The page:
What do 2,600 miles and June 21 have in common?

In January 2011, the interactive project map outlining what the North Carolina Research and Education (NCREN) could look like in 2013 was mostly red. Fast forward to today for an entirely different view – and, yes, green means go!

MCNC will complete construction of the $144 million Golden LEAF Rural Broadband Initiative (GLRBI) in June. To celebrate this historic achievement, MCNC will host Broadband for the Future on Friday between 2 and 4 p.m., from four locations in North Carolina (Asheville, Charlotte, Elizabeth City, and Research Triangle Park).

The public is invited to participate in Friday’s event from any of the four locations.

MCNC is a technology non-profit that builds, owns, and operates NCREN. For more than a quarter century, a growing number of research, education, non-profit health care, and other community institutions in North Carolina have connected to NCREN to utilize this leading-edge broadband highway. Today, NCREN serves more than 450 of these institutions, including all K-20 public education in the state.

The American Recovery and Reinvestment Act (ARRA) of 2009 appropriated $7.2 billion to broadband investments.

The GLRBI is funded through two ARRA grants administered through the U.S. Department of Commerce’s Broadband Technology Opportunities Program (BTOP). The total project required significant matching funds, which MCNC was able to obtain through private investments that also included a $24 million grant from the Golden LEAF Foundation and a $10 million dollar commitment from MCNC’s endowment. No state tax dollars were utilized as matching funds for either of MCNC awards.

MCNC also has made additional investments in the project meaning that more than 100 percent of the project’s grant value was expended with private-sector vendors. These vendors won competitive bids to complete engineering work, supply outside plant equipment and optical gear, and to do the construction work involved in burying the fiber optic infrastructure in the ground throughout North Carolina.

This significant project already is having a positive impact on student learning, patient outcomes in health care, economic outcomes in job creation and community development, and is accelerating innovation and research all across the state. NCREN is now a fiber-based network that is more than 2,600 miles spanning the entire state.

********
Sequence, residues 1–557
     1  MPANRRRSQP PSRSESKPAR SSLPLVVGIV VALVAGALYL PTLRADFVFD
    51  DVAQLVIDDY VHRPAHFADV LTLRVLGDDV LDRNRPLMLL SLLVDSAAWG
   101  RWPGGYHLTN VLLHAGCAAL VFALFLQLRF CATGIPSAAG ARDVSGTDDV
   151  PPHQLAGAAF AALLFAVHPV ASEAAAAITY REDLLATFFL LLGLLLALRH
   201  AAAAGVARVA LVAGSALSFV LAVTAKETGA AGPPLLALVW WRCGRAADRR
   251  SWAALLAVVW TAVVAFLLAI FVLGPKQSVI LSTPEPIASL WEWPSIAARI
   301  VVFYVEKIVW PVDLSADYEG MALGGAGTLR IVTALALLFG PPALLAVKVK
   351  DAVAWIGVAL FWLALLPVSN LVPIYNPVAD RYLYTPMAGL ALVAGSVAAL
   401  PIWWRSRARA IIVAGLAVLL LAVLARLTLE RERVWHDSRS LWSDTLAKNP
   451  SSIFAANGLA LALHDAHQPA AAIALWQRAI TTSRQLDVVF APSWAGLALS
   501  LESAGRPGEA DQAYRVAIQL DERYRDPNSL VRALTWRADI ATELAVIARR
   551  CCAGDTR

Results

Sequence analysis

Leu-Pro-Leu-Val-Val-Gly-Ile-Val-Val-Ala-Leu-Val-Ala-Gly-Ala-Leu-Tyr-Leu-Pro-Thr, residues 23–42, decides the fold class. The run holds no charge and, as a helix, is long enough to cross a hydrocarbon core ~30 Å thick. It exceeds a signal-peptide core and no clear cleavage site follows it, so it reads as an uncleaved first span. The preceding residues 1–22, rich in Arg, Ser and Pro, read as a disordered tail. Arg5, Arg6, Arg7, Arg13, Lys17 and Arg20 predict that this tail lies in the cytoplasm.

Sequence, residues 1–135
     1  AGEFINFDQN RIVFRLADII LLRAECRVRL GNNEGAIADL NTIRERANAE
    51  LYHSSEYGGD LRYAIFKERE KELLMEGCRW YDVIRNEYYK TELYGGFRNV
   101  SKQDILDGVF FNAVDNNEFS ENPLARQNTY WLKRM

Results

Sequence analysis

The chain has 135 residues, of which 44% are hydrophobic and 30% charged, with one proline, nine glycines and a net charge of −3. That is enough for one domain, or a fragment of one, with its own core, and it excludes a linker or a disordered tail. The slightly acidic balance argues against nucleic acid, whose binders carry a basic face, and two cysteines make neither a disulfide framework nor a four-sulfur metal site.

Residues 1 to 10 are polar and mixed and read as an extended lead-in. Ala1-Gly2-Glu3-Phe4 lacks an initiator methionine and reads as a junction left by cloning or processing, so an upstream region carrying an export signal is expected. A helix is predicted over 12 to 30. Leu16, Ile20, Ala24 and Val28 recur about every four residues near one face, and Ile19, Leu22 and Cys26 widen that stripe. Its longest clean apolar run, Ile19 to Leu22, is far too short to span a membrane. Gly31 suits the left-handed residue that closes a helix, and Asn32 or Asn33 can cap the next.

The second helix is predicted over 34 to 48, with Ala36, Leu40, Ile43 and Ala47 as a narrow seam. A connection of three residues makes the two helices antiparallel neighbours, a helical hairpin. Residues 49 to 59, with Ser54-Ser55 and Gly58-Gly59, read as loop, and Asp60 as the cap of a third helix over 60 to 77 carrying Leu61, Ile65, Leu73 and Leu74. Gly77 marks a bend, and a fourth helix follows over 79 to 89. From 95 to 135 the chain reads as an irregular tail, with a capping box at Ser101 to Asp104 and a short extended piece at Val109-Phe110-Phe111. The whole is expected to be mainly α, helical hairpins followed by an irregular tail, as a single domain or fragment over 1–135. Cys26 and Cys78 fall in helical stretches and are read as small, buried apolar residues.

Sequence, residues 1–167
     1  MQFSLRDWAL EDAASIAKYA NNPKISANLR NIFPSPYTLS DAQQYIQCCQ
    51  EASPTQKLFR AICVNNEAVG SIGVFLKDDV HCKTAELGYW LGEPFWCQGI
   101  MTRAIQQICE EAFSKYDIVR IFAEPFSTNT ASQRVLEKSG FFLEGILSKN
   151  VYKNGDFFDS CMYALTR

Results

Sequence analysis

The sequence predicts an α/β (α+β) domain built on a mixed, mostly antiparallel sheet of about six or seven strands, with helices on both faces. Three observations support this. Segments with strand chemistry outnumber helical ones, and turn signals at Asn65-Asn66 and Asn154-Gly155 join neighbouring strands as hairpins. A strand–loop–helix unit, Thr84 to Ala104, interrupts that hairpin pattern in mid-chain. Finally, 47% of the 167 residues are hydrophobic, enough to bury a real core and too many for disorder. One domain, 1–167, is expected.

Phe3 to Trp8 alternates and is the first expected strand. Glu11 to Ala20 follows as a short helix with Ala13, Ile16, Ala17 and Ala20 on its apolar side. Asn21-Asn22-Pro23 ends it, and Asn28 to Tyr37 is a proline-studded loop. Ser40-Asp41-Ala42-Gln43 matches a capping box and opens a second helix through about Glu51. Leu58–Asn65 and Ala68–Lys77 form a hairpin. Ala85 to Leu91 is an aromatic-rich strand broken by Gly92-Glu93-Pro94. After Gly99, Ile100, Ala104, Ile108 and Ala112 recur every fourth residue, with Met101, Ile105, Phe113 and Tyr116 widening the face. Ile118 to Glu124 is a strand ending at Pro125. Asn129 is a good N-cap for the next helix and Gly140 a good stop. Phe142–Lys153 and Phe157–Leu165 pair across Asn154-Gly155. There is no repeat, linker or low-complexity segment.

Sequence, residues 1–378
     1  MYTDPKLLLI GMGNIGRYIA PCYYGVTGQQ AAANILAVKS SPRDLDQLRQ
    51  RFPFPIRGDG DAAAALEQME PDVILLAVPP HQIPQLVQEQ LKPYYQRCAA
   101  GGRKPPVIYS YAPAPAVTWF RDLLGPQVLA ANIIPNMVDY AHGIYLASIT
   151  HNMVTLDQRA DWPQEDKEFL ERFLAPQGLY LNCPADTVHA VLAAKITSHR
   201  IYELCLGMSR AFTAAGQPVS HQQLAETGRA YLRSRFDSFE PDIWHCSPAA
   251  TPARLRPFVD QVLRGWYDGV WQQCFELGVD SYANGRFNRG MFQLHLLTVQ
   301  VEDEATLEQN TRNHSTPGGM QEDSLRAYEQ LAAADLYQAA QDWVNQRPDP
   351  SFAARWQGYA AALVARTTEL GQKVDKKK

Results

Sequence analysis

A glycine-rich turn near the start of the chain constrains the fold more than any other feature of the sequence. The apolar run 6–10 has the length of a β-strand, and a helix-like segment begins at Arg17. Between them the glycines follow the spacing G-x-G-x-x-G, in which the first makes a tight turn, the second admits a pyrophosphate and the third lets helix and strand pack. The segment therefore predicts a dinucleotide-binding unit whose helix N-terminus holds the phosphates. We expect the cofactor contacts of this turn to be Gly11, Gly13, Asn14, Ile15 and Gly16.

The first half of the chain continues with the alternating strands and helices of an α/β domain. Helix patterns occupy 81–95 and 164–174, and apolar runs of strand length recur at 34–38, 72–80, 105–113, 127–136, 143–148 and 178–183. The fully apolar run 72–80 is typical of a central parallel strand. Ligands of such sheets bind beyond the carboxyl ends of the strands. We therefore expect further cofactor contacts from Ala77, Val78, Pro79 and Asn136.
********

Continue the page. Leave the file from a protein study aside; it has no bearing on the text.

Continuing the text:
The first phase of the project was completed in April 2012 with 957 total operated miles (442 of which were new construction). The second phase was much larger with total operating miles at 1,696 (1,300 of which being new build).

And, it took many hands to do it.

Participating vendors and contractors for the first phase of the project included: Fiber Technologies, Globe Communications, Comtech, Cisco Systems, CommScope, and ONUG Communications. Participating vendors and contractors for Round 2 included: BroadPlex, Cisco Systems, CommScope, ComTech, ECC Technologies, Edwards Telecommunications, Fiber Technologies, Globe Communications, Kimley-Horn & Associates, and World Fiber Technologies.

All companies were either North Carolina-based or have a strong North Carolina presence.

“MCNC is pleased to be drawing to a conclusion the construction phase of the project as we continue to fully implement and migrate services to the new NCREN backbone,” said MCNC Chief Operating Officer Tommy Jacobson, who also serves as chief architect of NCREN.

“During the last 3.5 years, we have been fortunate to have great support from our vendor partners as well as our very talented staff,” he added. “In addition, the State of North Carolina and its agencies, particularly the N.C. Department of Transportation and the N.C. Department of Environment and Natural Resources, as well as state elected officials and congressional delegation, have been a great asset for us to complete this historic work.”

Over the years and throughout the project’s progression, many federal officials have offered bipartisan support for broadband connectivity in North Carolina as well as MCNC efforts to get it to rural and unserved areas of the state.

For example, U.S. Senator Kay Hagan (D-NC) has long-supported the project and considers broadband access crucial for economic development, access to education, and quality health care for families in rural communities. Recently, U.S. Representative Renee Ellmers (R-NC) called the GLRBI project a “success story” for North Carolina.

MCNC now is engaged in discussions to share newly-built or acquired fiber through the GLRBI with economic developers and other service providers to grow broadband availability and create jobs. North Carolina is one of a handful of states with an open access, middle-mile fiber network available to economic developers, businesses and broadband service providers, and several entities already are accessing GLRBI fiber to enhance broadband availability as an asset to attract job growth in their regions. One company that has invested in GLRBI fiber, RST Communications in Shelby, will be highlighted during Friday’s event.

The expansion of NCREN and its capabilities now allows MCNC to customize network services and applications for community institutions in the state more than ever before as they look to further enable private-sector providers to bring cost-effective broadband infrastructure to rural and underserved areas of North Carolina.

MCNC’s work on this historic project as well as their business and partnering strategy gives North Carolina a real competitive advantage and is driving the new broadband economy for the state.